LAOS - Is the road past Nam Ngum 3 Power Station open to the public? - Vientianne or Vang Vieng to Long Tieng

Michael R

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Hi, I will drive from Vientianne to Long Tieng soon and I find what looks like an interesting gravel road going east from Phonsavang (15 km south east of Vang Vieng) in OSMAnd. The road is called Namone - Nasaysavang road or Nam Ngone – Long Cheng road. The road goes on and passes Nam Ngum 3 Power Station at 18.996967418011568, 102.82511650218161 before it connects with road 9308 and then road 9303 in OSMAnd (totally 126 km) but doesn't go all the way in Google Maps.

Anyone knows if the road is open to the public past the powerstation? Shorter than the Tha Huea Rd, no boat ride.

Thanks Michael
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Snakeboy

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Honda Crf 250L 2012, Yamaha XT660Z Tenere 2011
I think thats the road I rode january 2020. I came from Xayabouli, had lunch in Vang Vieng and continued a few kms south and did a left turn. Then rode for 3-4 hours on a partly quite bad gravel road before I suddenly hit asphalt the last 20-30 kms to Long Tieng.

So yes it was open then in 2020 if we are talking about the same road.
As we know most maps are useless when your outside of main roads in Laos.

However the road is quite bad and I rode it on a Crf 250 with 50/50 tyres. And I would not have ridden that road with a road bike with road tyres.
 

Snakeboy

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Dec 30, 2013
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Honda Crf 250L 2012, Yamaha XT660Z Tenere 2011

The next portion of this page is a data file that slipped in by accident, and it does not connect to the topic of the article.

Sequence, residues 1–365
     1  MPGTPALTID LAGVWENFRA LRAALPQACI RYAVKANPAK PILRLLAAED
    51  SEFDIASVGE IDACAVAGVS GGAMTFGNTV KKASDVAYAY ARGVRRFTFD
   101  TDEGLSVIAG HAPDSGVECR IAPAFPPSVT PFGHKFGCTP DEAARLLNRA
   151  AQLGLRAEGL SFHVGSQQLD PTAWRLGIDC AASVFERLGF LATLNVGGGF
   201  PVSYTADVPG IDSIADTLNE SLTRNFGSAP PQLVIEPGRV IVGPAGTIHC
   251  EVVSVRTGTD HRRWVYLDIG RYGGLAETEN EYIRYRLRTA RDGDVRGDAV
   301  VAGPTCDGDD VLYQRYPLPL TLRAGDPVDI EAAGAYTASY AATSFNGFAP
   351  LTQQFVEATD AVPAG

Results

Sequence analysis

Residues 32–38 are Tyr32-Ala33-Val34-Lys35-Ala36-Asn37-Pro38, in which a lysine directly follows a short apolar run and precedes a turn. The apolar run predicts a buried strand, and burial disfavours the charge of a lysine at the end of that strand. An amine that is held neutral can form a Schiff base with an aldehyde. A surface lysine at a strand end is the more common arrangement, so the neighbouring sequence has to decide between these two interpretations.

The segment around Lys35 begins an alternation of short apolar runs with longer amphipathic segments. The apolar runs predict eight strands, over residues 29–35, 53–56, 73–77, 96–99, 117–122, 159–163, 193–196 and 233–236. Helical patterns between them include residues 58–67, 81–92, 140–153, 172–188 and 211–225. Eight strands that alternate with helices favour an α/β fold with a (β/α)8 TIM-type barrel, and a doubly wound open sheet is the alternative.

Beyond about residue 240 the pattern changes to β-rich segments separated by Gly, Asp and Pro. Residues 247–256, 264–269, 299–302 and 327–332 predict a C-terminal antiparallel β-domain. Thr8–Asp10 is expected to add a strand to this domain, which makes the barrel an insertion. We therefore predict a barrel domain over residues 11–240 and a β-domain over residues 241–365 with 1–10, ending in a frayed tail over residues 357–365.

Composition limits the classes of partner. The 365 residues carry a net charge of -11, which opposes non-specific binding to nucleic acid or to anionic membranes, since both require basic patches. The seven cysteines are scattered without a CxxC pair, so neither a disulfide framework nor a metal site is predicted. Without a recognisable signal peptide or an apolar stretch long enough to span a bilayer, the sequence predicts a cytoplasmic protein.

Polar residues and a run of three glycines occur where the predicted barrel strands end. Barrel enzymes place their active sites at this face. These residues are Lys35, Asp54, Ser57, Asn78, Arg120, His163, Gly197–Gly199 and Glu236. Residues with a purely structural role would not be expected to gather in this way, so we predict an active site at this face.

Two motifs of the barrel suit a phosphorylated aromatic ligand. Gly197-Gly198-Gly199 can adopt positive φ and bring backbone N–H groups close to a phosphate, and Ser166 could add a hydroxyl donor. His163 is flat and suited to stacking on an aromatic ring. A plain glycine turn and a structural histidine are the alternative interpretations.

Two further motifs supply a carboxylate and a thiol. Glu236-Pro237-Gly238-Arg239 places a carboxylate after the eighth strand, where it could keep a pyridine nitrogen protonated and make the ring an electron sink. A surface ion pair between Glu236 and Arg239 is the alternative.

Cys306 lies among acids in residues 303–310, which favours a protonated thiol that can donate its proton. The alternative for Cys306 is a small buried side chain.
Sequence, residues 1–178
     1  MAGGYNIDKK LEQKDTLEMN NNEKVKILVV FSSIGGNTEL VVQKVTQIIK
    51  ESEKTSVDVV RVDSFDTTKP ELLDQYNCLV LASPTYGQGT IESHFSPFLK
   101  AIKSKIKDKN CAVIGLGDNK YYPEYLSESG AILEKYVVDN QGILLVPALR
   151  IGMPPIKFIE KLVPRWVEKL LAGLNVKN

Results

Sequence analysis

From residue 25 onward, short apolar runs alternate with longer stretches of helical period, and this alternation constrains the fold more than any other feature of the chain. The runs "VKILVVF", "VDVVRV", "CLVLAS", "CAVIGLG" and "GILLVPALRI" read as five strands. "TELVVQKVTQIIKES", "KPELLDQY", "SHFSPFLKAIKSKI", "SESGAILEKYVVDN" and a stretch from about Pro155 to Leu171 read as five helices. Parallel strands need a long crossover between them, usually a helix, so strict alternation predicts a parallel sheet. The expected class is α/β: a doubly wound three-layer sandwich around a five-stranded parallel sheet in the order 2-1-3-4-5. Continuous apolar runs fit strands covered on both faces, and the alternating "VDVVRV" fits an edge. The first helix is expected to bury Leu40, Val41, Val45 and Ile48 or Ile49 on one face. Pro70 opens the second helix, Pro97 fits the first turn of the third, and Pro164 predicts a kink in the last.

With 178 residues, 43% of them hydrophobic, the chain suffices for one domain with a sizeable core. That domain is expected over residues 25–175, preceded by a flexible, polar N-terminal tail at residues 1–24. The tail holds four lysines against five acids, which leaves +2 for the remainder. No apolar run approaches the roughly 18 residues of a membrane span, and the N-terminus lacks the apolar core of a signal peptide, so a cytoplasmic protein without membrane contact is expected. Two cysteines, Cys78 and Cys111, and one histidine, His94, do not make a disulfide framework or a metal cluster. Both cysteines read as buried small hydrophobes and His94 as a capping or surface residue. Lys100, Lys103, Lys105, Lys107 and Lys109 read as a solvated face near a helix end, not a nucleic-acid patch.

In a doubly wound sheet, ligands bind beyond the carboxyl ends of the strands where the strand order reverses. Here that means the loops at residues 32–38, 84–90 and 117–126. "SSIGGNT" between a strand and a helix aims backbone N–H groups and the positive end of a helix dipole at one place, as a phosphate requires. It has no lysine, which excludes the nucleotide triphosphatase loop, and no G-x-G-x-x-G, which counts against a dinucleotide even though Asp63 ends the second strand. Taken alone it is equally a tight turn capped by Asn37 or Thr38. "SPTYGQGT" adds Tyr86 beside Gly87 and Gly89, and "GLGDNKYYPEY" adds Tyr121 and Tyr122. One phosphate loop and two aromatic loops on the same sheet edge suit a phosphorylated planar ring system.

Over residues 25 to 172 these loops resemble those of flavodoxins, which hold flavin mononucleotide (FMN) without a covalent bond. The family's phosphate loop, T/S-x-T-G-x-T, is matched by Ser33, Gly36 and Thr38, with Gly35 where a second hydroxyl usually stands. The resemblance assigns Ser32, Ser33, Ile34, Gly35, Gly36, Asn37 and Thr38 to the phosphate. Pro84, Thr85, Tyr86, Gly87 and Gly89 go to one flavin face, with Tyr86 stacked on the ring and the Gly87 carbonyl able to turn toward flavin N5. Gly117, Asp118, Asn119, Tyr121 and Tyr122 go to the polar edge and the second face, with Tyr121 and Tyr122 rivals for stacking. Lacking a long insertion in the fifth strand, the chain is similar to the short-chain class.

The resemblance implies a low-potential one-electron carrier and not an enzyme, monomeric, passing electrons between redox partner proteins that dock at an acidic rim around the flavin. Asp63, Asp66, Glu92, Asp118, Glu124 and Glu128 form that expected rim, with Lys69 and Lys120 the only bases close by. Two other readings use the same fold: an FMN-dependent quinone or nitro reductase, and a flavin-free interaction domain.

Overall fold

I think thats the road I rode january 2020. I came from Xayabouli, had lunch in Vang Vieng and continued a few kms south and did a left turn. Then rode for 3-4 hours on a partly quite bad gravel road before I suddenly hit asphalt the last 20-30 kms to Long Tieng.

So yes it was open then in 2020 if we are talking about the same road.
As we know most maps are useless when your outside of main roads in Laos.

However the road is quite bad and I rode it on a Crf 250 with 50/50 tyres. And I would not have ridden that road with a road bike with road tyres.
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Michael R

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Dec 22, 2022
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Thailand
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Royal Enfield Interceptor 650
Thank you for your reply. Yes, I think that's the same road. It's the old Vang Vieng - Long Tieng road. I have searched the internet and I find some Facebook pages from villages and people. Totally 125 km, it looks like the first 55-60 km or so are quite OK, to be a Laos gravel road of course. Everything is relative. Then comes a bad part until it hits the "main" road from the south. We'll come from Nong Khai in the morning, Long Tieng normally takes 2 days but I'm thinking of cutting a day by using the good road toward Vang Vieng, all up to how smooth the border crossing is of course but I have passed the intersection where the road starts by 1 PM in the past. It should give us 5 hours of daylight.

I'm interested in that you wrote - I would not have ridden that road with a road bike with road tyres.